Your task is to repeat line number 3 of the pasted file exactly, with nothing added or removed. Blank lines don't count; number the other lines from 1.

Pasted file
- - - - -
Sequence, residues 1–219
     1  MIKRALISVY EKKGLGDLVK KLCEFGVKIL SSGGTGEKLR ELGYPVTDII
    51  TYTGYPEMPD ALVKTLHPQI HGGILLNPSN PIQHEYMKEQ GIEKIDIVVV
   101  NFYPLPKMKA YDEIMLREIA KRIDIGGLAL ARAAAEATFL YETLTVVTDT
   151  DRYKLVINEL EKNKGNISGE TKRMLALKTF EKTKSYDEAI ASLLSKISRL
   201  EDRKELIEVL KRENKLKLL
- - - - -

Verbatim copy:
    51  TYTGYPEMPD ALVKTLHPQI HGGILLNPSN PIQHEYMKEQ GIEKIDIVVV